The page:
Estimates of oil spill occurrences are used by the Minerals Management Service (MMS) Alaska OCS Region for the development of environmental impact statements for hypothetical offshore development scenarios resulting from the sale of leases for the United States Beaufort and Chukchi Sea Outer Continental Shelf. Although estimates of expected values of oil spill probabilities and sizes provide a simple basis for estimating environmental impacts, the magnitude and distribution of uncertainties can alter the significance of these expected values. In order to develop the probability distributions of oil spill occurrences, this paper presented a study that used non-Arctic empirical data together with their variance as a starting point. In addition, Arctic effect distributions and their impact on both the original data variance as well as additional unique Arctic effect distributions such as those for ice gouging and scour were integrated. In addition, an oil spill occurrence model based on fault tree methodology was developed and evaluated using Monte Carlo methods with all significant inputs in distributed form in order to provide the expected values and their variability. The study involved the quantification of four principal spill occurrence indicator probability distributions, including annual spill frequency; annual spill frequency per barrel produced; spill index, which refers to the product of spill size and spill frequency; and life of field averages of the above indicators. The paper summarized the methodology and presented the results of its application to the estimation of oil spill probabilities and their characteristics for the Chukchi and Beaufort Seas region for typical future offshore development scenarios. It was recommended that the use of the Monte Carlo spill occurrence indicator model should be continued for new scenarios to support MMS needs, as it is the best model available for estimating spill occurrence. 12 refs., 2 tabs., 12 figs

  7. Age and sex composition of seals killed by polar bears in the eastern Beaufort Sea.

    Directory of Open Access Journals (Sweden)

    Nicholas W Pilfold

    Full Text Available BACKGROUND: Polar bears (Ursus maritimus of the Beaufort Sea enter hyperphagia in spring and gain fat reserves to survive periods of low prey availability. We collected information on seals killed by polar bears (n=650 and hunting attempts on ringed seal (Pusa hispida lairs (n=1396 observed from a helicopter during polar bear mark-recapture studies in the eastern Beaufort Sea in spring in 1985-2011. We investigated how temporal shifts in ringed seal reproduction affect kill composition and the intraspecific vulnerabilities of ringed seals to polar bear predation. PRINCIPAL FINDINGS: Polar bears primarily preyed on ringed seals (90.2% while bearded seals (Erignathus barbatus only comprised 9.8% of the kills, but 33% of the biomass. Adults comprised 43.6% (150/344 of the ringed seals killed, while their pups comprised 38.4% (132/344. Juvenile ringed seals were killed at the lowest proportion, comprising 18.0% (62/344 of the ringed seal kills. The proportion of ringed seal pups was highest between 2007-2011, in association with high ringed seal productivity. Half of the adult ringed seal kills were ≥ 21 years (60/121, and kill rates of adults increased following the peak of parturition. Determination of sex from DNA revealed that polar bears killed adult male and adult female ringed seals equally (0.50, n=78. The number of hunting attempts at ringed seal subnivean lair sites was positively correlated with the number of pup kills (r(2 =0.30, P=0.04, but was not correlated with the number of adult kills (P=0.37. CONCLUSIONS/SIGNIFICANCE: Results are consistent with decadal trends in ringed seal productivity, with low numbers of pups killed by polar bears in spring in years of low pup productivity, and conversely when pup productivity was high. Vulnerability of adult ringed seals to predation increased in relation to reproductive activities and age, but not gender.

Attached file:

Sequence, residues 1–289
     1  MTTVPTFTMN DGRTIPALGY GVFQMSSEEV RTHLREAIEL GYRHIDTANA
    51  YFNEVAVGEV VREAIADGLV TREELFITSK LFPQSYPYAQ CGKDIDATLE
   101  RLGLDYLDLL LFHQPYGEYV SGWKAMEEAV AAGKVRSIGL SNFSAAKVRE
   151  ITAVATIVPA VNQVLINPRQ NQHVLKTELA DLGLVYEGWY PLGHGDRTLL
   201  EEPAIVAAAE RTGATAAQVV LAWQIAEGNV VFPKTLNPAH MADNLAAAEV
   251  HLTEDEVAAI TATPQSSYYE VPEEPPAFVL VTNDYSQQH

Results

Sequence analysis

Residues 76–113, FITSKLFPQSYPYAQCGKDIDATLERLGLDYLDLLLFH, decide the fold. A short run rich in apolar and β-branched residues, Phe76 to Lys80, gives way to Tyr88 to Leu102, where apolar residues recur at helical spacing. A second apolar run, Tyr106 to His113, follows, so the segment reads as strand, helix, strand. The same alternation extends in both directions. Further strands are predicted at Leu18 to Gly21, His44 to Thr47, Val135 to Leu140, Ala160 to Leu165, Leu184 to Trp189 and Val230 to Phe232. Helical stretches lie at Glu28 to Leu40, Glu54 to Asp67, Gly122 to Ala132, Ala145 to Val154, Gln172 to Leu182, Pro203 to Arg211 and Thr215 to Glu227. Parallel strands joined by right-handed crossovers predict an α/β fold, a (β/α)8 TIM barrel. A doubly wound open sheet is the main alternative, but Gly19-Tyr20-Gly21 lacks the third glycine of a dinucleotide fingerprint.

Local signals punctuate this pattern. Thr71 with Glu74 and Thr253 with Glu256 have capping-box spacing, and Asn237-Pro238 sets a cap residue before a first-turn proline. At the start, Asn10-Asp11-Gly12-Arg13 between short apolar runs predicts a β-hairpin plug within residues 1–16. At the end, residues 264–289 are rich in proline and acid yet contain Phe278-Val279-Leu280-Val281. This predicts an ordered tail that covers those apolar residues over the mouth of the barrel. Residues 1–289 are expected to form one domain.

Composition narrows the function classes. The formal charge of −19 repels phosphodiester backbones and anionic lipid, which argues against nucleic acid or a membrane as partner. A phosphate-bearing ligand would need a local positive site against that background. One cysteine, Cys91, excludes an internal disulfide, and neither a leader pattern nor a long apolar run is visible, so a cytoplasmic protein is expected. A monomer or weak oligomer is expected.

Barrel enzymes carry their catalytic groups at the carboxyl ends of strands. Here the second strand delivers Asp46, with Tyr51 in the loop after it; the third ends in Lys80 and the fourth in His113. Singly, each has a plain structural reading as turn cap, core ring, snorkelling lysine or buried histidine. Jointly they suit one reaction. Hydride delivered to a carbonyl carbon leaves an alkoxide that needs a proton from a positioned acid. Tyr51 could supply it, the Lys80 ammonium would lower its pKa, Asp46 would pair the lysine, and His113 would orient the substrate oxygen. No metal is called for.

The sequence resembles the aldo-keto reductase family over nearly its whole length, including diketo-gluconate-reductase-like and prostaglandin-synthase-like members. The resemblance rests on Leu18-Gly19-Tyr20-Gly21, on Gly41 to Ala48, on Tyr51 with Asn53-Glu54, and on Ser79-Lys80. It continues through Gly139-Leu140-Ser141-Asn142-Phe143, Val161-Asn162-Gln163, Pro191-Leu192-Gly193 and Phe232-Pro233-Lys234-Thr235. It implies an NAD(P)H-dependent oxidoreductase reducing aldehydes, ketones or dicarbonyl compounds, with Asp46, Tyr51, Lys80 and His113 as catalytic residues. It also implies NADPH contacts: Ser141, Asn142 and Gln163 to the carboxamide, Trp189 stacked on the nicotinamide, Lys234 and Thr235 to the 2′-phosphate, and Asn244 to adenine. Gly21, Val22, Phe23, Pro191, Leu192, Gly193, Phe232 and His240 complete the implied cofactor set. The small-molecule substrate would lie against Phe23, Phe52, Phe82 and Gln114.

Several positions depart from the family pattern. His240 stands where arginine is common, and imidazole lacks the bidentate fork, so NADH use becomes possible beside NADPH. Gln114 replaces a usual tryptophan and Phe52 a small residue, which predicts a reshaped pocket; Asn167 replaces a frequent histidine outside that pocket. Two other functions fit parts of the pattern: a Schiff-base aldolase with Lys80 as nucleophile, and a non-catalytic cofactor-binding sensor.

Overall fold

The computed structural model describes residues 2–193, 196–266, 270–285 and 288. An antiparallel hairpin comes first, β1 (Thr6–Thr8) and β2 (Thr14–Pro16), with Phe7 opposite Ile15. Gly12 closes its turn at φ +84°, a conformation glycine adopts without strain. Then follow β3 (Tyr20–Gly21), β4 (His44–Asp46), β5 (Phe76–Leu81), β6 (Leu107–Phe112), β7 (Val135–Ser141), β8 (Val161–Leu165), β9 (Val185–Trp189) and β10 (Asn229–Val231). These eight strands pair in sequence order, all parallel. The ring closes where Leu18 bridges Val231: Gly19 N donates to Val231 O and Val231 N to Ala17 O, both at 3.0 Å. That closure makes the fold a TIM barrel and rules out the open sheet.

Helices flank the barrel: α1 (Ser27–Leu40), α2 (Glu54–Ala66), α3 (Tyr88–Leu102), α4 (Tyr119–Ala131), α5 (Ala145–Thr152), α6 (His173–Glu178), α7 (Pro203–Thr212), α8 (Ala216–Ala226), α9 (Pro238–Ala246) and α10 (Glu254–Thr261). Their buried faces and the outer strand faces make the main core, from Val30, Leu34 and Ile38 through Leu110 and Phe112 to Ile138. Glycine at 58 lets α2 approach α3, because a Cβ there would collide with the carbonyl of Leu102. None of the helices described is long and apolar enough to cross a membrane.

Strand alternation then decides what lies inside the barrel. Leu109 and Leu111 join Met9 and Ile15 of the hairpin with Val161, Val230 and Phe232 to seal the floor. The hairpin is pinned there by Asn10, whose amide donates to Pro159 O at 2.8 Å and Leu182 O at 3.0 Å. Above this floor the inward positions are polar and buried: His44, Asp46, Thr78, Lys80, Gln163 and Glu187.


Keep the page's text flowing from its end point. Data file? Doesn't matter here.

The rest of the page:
8. Linking mercury exposure to habitat and feeding behaviour in Beaufort Sea beluga whales

    Science.gov (United States)

    Loseto, L. L.; Stern, G. A.; Deibel, D.; Connelly, T. L.; Prokopowicz, A.; Lean, D. R. S.; Fortier, L.; Ferguson, S. H.